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CDC Changes COVID-19 Isolation Rules for Health Care Workers

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The Centers for Disease Prevention and Control (CDC) reduced the isolation time for health care workers who contract or were exposed to COVID-19. Hospitals have been bracing for the winter surge, and as a result, have already reduced isolation time for their staff.

This move comes as the White House has been criticized about staffing shortages amid another round of increased infections in the United States brought on by the latest COVID variant, Omicron. Moreover, workers missing more than a week’s wages could make people avoid being tested, which is dangerous.

In response, the CDC announced it had halved the isolation time from 10 days to five due to concerns about the COVID variant Omicron’s ability to move between people. Even though it appears to be milder, it is extremely contagious, and that can create a staffing issue for health care institutions.

Under the new contingency plan, which can be instituted if there is a staffing shortage, there is no work restriction for workers who had higher-risk exposure if they are “boosted” or have had all required COVID-19 vaccinations including the booster dose. However, infected workers, no matter the level of vaccination (boosted, vaccinated, or unvaccinated), may return to work after five days with/without a negative test result or not exhibiting COVID-19 symptoms.

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Courtesy of Jakayla Toney (Unsplash CC0)

Higher-risk exposure happens when a worker is wearing a facemask rather than a respirator and if the patient is not also wearing a facemask or cloth mask.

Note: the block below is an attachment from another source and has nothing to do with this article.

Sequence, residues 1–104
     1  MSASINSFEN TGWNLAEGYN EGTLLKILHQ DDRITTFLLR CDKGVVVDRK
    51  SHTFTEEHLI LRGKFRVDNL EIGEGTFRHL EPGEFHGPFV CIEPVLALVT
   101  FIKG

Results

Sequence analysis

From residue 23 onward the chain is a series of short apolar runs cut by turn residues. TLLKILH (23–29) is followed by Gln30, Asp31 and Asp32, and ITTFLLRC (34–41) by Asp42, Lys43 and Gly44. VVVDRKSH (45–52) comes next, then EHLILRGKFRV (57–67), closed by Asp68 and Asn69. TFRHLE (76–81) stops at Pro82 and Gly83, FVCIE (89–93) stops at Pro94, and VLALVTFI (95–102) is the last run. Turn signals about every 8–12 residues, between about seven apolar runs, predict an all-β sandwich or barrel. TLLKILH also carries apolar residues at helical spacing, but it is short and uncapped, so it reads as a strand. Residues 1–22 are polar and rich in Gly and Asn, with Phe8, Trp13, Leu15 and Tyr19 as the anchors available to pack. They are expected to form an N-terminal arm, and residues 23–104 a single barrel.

These guidelines apply to every health care facility that is directly involved with patient care, including hospitals, assisted living facilities, nursing homes, dental offices, and other medical organizations.

Health care personnel includes all paid and unpaid individuals serving in settings with the potential for direct or indirect exposure to patients or infectious materials.

The updated recommendations do not apply to the public; the CDC continues to recommend a 10-day isolation period for those infected with COVID-19.

Written by Cathy Milne-Ware

Sources:

The New York Times: C.D.C. Shortens Covid Isolation Period for Health Care Workers; by Azeen Ghorayshi and Reed Abelson
CDC: Interim Guidance for Managing Healthcare Personnel with SARS-CoV-2 Infection or Exposure to SARS-CoV-2
Daily Mail: Isolation for people who get COVID should be halved to FIVE DAYS to encourage people fearful of missing work to get tested, experts say – as Fauci says White House IS considering shortening quarantine to save the economy; by Janon Fisher and Michelle Thompson

Featured and Top Image by Kyle Jahner Courtesy of Medill DC’s Flickr Page – Creative Commons License
Top Image Courtesy of Jakayla Toney’s Unsplash Page – Creative Commons License

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Cathrine Osborne, DM

Infectious Disease Physician

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